Love the Sinner, Hate Your Own Sin


S (Scripture): James 4:11 Do not speak against one another, brothers and sisters. He who speaks against a fellow believer or judges a fellow believer speaks against the law and judges the law. But if you judge the law, you are not a doer of the law but its judge. 12 But there is only one who is lawgiver and judge – the one who is able to save and destroy. On the other hand, who are you to judge your neighbor?

O (Observation): James is striving for peace in the Chirstian community he oversees.   Part of this struggle is to tame how the Jesus-followers deal with their varied and divisive beliefs and actions.  

A (Application):  Why do we put ourselves into the seat of the judge?   Does it come from a supposed superior intellect of the commands of Scripture?  Is it a regional culture that assumes a certain stance towards morals?   Does it come down to peer pressure (in the sense that proving your piety earns you points with God or other Christians)?

Whatever the root cause, James is pretty clear here that we are called to NOT judge our neighbor, but instead, as we start counting others’ sins, perhaps then we should start counting our own. In doing so, we realize that we don’t get to be the judge.  

Locally, in Murfreesboro, TN, one church has asked the scouts (Boy Scouts, Cub Scouts) to NOT come back to use their facilities, because the scouts now have the option to allow pack leaders who are in same-sex relationships.   Some churches / denominations won’t abide this.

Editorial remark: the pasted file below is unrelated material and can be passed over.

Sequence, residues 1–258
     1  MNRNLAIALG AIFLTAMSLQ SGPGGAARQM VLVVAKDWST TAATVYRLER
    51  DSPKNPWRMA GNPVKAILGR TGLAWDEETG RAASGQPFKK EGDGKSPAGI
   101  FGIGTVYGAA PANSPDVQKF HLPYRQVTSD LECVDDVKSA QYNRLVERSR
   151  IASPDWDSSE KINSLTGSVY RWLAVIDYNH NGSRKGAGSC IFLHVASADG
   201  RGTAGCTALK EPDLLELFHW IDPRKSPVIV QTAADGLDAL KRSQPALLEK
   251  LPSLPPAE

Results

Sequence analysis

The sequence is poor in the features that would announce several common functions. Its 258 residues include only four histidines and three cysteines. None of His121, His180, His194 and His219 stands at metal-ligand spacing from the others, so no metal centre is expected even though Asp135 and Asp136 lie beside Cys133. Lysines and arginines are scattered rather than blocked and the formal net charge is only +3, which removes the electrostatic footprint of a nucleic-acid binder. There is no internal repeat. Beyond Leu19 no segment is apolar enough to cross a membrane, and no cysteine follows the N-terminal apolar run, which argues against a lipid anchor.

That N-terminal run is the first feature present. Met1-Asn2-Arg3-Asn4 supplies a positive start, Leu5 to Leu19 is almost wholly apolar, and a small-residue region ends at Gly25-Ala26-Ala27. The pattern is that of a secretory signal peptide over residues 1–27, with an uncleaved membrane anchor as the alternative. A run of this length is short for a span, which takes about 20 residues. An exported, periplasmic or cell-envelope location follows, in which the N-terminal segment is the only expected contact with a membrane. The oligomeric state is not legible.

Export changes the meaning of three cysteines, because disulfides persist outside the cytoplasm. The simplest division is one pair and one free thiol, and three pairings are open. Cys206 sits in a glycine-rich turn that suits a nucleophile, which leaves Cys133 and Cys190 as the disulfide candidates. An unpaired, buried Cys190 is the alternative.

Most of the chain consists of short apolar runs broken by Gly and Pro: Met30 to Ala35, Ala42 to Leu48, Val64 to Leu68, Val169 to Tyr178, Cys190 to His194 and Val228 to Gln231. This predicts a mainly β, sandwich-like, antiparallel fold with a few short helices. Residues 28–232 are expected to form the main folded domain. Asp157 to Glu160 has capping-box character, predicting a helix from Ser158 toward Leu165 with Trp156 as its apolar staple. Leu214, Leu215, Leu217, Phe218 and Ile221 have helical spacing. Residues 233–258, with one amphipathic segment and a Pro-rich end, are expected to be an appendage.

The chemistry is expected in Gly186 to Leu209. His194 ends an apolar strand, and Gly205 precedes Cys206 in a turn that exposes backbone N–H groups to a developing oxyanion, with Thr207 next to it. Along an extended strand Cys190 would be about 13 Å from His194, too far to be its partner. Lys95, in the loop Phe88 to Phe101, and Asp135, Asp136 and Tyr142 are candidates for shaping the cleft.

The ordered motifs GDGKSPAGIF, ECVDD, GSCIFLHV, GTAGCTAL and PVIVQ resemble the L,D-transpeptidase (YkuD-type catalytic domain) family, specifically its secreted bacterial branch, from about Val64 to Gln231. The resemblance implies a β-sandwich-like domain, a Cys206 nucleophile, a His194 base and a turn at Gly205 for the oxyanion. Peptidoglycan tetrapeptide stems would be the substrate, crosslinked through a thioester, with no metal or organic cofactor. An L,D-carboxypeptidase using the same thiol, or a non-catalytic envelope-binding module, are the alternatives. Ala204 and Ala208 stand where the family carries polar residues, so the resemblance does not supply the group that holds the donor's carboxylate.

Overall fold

So…they kick out the whole group.   The potential good of the scouts is in some ways undone by the churches / denominations judging their neighbor.  And that’s their right.   No one should be forced go against their convictions or concience.  

But the damage is done.   The “Christian” viewpoint becomes one of hypocrisy through these kinds of actions.   Becoming judge is wrong.  Christ is the only judge.  And I am assured of my salvation as a baptized believer in God the Father, Son, and Holy Spirit. 

Let me be clear: Christians, much like Muslims, should not all be painted with one stroke of the brush.  We are varied.  

In my case, as part of a member church of the Evangelical Lutheran Church in America, we allow for leaders who are in same-sex relationships to be pastors and to allow pastors to perform same-sex unions, as approved or not by the local congregation.  

We struggle to adhere to James 4 text, while viewing everyone through the lens of “fully saint, fully sinner.”  We strive to live into this freedom Christ gives us, to use that freedom to love our neighbor, and not to use it for selfish gain.  

How have you struggled with judging your neighbor?   Are you doing that with a family member?  Have you counted your own sins?   

I’m reminded daily to challenge myself and other people.  I remind people, as I challenge them, that I, too, struggle.  I try to meet people where they are and join them in the struggle.    

Let’s keep it real.   Love the sinner, hate your own sin. 

P (Prayer): Lord, you are the only wide judge.  Keep us from harming our neighbor.   Keep us from hiding your light under a bushel.   As we judge, remind us of our own brokenness and soften our hearts to allow your grace to enter in.  Amen. 


One thought on “Love the Sinner, Hate Your Own Sin

  1. hatred is too strong an emotion to waste on someone or something you don’t care about. If we consider evil / satan / etc., to be negatively based concepts, the very command to “love thine enemy” is to radiate positive energy into negative situations. If you think of the oceans filling the low points of the Earth, that leads to a “sea level surface” of “balance” and stability. Yes, my thoughts tend to flow from focused to diffused. 🙂

    Liked by 1 person

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